Treat the Azure AD Connect server as a Domain Controller (i.e. Tier 0). This means minimizing access, rights, and management to only those designated. This also goes for the SQL server hosting the Connect database, if applicable.
Server(s) should be in a top-level Admin OU.
GPOs applying to the OU should be managed/owned exclusively by AD Admins (Tier 0) and User Rights Assignments should be implemented appropriately to limit non-Admin access.
Privileged Access Workstations (PAWs/SAWs) should be used to manage the server(s).
The local Administrators group should be limited to Domain Admins.
Setup the Connector account as a Group Managed Service Account (GMSA). While the default MSOL account password is both long and complex, it is set to “Never Expire”. With GMSAs the account password will automatically rotate on a regular basis.
If Azure AD Connect was installed prior to version 1.1.654.0 be sure to lock down access to the Connector account:
Disable inheritance on the service account object.
Remove all access control entries (ACEs) on the service account object, except those specifically for SELF.
Apply the permissions referenced in Microsoft’s article under the Lock down access to the AD DS account section.
Ensure the Azure AD Connect version stays current. Microsoft announced in late 2019 that versions older than 18 months are deprecated (so there may be support issues). Trimarc identifies older Azure AD Connect version in most of our Microsoft Cloud Security Assessments (MCSAs) which focus on Azure AD/Office 365.
While not directly related to Azure AD Connect, as these settings are configured in Azure AD, it’s imperative to disable legacy authentication and enable MFA (on privileged accounts). Microsoft has an easy to follow How-To article which also spells out the benefits. Notably, organizations where legacy authentication is disabled experience 67% fewer compromises (i.e. this is a big deal).
Azure AD Connect Feature Breakdown
The features identified below are optional for an Azure AD Connect deployment. If none of these options are required by the organization then the Connector service account ONLY requires Domain User rights.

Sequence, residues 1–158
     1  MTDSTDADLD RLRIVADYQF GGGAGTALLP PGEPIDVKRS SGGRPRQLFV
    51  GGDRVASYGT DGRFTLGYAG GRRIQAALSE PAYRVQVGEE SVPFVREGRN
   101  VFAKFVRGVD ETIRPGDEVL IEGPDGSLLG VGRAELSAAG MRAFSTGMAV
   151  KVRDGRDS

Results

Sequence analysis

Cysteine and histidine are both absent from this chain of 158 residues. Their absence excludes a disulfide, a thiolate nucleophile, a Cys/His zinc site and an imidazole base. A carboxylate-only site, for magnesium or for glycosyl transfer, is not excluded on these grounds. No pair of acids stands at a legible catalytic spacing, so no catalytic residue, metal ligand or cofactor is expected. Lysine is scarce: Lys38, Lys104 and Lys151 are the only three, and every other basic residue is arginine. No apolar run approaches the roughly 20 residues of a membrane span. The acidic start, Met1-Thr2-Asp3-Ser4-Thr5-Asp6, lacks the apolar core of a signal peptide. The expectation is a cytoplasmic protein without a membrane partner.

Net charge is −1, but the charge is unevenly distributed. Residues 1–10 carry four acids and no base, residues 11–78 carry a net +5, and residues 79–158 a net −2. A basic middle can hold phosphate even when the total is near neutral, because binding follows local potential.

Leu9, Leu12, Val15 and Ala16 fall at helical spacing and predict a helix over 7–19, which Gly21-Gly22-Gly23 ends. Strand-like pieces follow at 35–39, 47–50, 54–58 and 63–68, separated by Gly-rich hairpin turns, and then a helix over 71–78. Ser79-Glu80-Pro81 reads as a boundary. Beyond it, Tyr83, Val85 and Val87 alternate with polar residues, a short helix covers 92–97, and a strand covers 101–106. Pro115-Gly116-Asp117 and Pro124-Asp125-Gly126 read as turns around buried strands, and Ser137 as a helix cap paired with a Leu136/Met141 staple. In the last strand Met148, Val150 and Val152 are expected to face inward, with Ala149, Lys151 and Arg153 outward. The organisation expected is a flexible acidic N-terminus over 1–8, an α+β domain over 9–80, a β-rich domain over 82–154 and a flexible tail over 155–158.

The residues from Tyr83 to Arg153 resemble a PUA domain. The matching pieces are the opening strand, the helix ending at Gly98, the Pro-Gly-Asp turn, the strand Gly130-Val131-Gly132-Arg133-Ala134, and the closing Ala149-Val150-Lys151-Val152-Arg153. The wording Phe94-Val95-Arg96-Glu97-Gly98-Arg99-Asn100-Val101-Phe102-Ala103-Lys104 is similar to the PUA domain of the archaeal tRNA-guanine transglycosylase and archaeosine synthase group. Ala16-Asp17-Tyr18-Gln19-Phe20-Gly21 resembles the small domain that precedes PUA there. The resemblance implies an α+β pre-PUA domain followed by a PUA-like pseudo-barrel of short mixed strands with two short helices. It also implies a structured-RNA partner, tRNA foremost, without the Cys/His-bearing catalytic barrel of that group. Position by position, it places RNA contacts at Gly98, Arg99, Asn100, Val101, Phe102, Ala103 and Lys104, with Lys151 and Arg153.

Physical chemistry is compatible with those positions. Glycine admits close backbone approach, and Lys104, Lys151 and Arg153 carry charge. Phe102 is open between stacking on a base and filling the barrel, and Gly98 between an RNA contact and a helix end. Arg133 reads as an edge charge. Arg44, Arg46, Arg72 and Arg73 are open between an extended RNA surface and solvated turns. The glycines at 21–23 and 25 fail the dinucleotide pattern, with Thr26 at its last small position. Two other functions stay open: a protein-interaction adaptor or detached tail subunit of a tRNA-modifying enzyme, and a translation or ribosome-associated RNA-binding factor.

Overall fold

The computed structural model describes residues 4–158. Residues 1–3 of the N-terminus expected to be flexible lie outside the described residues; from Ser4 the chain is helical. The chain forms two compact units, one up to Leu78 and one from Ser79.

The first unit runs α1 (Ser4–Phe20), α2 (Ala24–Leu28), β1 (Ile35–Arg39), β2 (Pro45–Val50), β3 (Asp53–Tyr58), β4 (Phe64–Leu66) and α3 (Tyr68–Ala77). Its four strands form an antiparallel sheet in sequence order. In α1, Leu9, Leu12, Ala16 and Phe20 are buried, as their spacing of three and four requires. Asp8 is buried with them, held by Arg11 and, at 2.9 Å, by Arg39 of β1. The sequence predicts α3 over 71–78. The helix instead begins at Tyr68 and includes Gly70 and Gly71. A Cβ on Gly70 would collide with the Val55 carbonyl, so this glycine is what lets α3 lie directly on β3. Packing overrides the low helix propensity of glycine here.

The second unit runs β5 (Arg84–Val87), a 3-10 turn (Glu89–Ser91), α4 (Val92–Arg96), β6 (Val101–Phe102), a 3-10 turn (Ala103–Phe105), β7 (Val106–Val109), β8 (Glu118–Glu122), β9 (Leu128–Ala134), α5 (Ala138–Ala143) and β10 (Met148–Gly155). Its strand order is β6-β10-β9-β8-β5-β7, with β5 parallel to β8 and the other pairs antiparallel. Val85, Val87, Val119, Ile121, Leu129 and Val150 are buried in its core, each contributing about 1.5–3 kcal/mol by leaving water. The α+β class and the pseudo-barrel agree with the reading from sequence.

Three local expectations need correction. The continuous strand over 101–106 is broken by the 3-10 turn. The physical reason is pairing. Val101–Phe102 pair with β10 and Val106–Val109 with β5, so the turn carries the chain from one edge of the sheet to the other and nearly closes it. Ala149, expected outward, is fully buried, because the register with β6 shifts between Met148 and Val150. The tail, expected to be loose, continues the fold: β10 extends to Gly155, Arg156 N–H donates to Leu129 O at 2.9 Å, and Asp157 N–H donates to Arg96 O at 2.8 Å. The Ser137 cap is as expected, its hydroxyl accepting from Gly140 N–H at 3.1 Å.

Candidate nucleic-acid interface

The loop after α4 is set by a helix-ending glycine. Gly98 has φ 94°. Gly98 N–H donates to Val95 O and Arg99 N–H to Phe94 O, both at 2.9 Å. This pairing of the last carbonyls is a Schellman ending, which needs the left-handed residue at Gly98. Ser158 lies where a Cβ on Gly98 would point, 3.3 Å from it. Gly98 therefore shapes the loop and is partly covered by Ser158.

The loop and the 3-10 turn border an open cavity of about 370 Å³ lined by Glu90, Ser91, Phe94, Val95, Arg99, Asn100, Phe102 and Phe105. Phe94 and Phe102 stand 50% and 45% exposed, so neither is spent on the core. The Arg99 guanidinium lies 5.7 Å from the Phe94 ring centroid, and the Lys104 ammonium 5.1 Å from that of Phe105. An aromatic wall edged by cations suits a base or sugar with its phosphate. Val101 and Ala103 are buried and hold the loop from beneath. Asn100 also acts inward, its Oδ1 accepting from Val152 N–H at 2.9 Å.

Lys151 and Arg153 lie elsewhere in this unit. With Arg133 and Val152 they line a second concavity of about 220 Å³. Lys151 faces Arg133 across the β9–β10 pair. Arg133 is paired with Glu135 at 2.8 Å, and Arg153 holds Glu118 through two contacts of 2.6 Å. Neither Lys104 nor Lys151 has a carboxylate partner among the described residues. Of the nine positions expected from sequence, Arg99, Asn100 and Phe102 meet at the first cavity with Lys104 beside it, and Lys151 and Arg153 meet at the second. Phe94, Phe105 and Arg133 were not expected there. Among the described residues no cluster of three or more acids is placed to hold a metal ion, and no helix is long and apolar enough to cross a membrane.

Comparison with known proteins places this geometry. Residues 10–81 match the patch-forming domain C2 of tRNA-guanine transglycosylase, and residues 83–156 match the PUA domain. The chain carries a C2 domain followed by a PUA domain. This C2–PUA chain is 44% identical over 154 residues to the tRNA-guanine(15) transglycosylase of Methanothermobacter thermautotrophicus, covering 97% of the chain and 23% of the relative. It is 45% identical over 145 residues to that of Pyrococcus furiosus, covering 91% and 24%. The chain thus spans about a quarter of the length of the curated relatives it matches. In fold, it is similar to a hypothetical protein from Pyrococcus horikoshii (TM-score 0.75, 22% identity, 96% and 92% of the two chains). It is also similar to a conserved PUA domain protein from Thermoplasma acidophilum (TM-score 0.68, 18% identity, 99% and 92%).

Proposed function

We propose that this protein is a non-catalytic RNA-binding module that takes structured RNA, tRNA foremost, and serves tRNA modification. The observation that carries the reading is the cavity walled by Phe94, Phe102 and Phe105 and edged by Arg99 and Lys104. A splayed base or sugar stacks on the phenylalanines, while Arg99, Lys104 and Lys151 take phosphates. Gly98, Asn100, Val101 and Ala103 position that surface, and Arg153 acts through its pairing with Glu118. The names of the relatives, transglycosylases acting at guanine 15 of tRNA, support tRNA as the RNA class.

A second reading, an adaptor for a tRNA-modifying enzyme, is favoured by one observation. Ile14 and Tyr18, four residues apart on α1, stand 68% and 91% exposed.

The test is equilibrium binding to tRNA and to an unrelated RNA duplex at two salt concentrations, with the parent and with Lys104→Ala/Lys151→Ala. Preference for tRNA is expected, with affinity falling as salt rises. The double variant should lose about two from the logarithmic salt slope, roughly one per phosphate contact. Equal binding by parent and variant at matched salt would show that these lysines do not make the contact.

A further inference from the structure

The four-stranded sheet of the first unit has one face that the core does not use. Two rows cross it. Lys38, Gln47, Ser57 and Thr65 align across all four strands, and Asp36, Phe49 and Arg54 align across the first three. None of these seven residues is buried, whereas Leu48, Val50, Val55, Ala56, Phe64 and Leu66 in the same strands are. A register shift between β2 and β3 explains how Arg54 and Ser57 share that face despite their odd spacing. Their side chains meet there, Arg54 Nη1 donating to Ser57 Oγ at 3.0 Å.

Note: These may not be a complete list of the permissions required for each feature. Only the high-level/critical rights were captured.
This article’s primary focus is on the mitigation and defensive postures needed to protect Azure AD Connect and does not provide a dive deep into the methods currently in use by attackers. With that being said, there are some really great pieces on the web which do the red team perspective proper justice.
Dirk-jan Mollema’s article Updating adconnectdump - a journey into DPAPI; goes into why Azure AD Connect is a potential target (when organizations leverage Password Hash Synchronization) and how the AD Connect database can be exploited.
Sean Metcalf’s presentation at DerbyCon SafeMode (2020) Hacking the Hybrid Cloud; highlights known methods for compromising AD Connect including Pass-Through Authentication (PTA) and Seamless Single Sign-On (an “add-on” component for Azure AD Connect).
Adam Chester’s article Azure AD Connect for Red Teamers; walks through different Azure AD Connect attacks (with instructions).
By: Scott W Blake
Trimarc Security Consultant with 10+ years building, configuring, and securing enterprise environments.
Trimarc provides leading expertise in security solutions including security reviews, strategy, architecture, and implementation. Our methodology leverages our internal research and custom tooling which better discovers multiple security issues attackers could exploit to compromise the environment. Trimarc security services fit between traditional compliance/audit reviews and standard penetration testing/red teaming engagements, providing deep understanding of Microsoft and Virtualization technologies, typical security issues and misconfigurations, and provide recommendations based on our own best practices custom-tailored to balance operational and security challenges.